Iggy Peck, Architect

Written by: Andrea Beaty

Illustrated by: David Roberts

Before Reading

Preview and Predict

From a young age, Iggy has been interested in architecture. He's created many different structures out of rather unusual materials like fruits and dirty diapers, but when his second grade teacher, Miss Greer, doesn't allow him to express his passion for architecture in the classroom, it takes a crises to convince her that maybe buildings aren't so bad after all. Start off by considering the front cover and illustrations, and make predictions together about what the story will be about and what you will find within its pages. 

What do you notice on the cover?

Who do you think this woman is? How do you think she is feeling? Why do you think that?

What is Iggy drawing?

What did he use to make this building?

What do you think will happen in this story?


Activate Prior Knowledge

Talk to your child about what an architect is by asking, "Do you know what an architect does? What kinds of things do they build? Would you like to be an architect? Why/why not?"

As You Read

Build Vocabulary

Have fun as you read, giving characters different voices and playing into the rhyme scheme by emphasizing the ends of each line. Encourage your child to stop when s/he gets to a new word in the story. See if s/he can discover its meaning by using the illustrations and words surrounding it. For younger children, you can simply stop and give a short explanation. For example, when Miss Lila Greer is throwing away all of the architecture books, you can say, "There are different types of architecture: ROMANESQUE, GOTHIC, MODERN, etc. Buildings can be very different depending on what style they are made in and Iggy wants to learn about all of them." A couple of other new words from Iggy Peck, Architect include:

  1. GLEAM
  2. VAGUE


Monitor Comprehension

Take a moment every once in awhile throughout the story to clump information and make predictions with your child about what will happen next or why a certain character does something. Ask questions like, "Why do you think Miss Lila Greer doesn't allow her class to talk about buildings? How do you think Iggy feels about this? What is Iggy drawing in the dirt? What do you think he will build to solve their problem? What do you see on the bridge? I see shoes, some rulers, and a pair of underwear!"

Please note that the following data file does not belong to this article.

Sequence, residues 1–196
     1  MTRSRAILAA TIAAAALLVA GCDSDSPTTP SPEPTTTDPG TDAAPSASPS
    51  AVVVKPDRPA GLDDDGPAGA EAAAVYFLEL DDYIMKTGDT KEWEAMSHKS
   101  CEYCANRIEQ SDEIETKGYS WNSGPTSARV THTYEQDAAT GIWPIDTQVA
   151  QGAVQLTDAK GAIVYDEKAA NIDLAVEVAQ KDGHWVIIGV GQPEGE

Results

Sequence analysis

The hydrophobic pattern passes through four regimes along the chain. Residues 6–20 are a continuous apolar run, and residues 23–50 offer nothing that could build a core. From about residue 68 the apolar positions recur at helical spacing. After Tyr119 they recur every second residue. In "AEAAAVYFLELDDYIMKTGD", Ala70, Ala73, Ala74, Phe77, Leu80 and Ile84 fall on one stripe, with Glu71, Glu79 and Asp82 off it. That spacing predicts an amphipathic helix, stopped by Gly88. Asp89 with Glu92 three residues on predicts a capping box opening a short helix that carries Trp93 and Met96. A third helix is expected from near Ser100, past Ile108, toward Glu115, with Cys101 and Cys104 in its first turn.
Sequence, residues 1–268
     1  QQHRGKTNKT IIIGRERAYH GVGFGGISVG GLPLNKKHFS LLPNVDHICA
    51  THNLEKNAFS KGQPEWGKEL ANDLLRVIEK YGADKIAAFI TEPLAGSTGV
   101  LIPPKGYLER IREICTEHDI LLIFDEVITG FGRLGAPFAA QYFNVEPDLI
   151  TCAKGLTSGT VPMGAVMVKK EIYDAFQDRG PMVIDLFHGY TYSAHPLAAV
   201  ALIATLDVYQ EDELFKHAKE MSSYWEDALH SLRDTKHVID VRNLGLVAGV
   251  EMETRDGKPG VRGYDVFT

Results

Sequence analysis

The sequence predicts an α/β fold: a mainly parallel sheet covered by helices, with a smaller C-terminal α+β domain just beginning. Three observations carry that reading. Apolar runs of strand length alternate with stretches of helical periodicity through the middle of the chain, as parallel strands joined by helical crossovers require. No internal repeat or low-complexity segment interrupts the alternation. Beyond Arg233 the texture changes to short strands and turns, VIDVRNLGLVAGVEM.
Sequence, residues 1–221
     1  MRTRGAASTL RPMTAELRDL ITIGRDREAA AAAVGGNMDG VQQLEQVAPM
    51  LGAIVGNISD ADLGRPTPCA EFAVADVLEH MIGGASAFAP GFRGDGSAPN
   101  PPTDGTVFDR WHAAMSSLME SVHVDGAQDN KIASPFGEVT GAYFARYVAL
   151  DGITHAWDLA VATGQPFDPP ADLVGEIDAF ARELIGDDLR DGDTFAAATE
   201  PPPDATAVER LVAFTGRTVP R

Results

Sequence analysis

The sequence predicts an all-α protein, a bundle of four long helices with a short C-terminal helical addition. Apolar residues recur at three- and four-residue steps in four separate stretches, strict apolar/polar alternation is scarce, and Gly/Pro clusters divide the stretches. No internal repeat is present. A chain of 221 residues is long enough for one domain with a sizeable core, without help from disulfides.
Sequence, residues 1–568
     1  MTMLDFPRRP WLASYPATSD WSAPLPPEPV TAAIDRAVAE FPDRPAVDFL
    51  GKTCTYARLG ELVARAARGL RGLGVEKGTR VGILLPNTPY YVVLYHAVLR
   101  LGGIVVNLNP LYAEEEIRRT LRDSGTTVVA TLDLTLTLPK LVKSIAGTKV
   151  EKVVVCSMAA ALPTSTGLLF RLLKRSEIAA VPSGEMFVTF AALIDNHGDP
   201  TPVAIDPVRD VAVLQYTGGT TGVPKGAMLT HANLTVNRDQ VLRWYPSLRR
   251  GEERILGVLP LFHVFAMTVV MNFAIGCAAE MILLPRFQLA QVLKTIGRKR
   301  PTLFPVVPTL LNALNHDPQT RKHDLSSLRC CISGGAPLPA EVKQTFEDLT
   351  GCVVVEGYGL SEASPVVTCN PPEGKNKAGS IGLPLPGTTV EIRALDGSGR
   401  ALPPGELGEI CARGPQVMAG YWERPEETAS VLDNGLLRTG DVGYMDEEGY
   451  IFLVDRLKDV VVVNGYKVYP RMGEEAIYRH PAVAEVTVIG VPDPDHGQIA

After Reading

Help your child look at the story as a whole once you've completed your read-through by asking/discussing questions like: 

What did Iggy use to make buildings?

How did he use architecture to help them get off of the island?

Why didn't Miss Greer like architecture in the beginning? What about at the end?

Miss Greer was scared of buildings. Can you think of something that you are scared of? Why is that thing scary to you?

Extending the Story

Be An Architect

What can your child build? This activity is completely up to your child, from the materials used to the structure built. Encourage your child to brainstorm a building to create and then look around your home to collect a large pile of materials. Think about Iggy's pancake arch and try to find unusual materials that you wouldn't initially think to use. For more ideas for this activity, look here


Check This Out

Curious about author Andrea Beaty and her motivations to write her stories? Watch this interview with Andrea as she discusses Iggy Peck, Architect as well as Rosie Revere, Engineer, and learn a little bit about the women behind the story.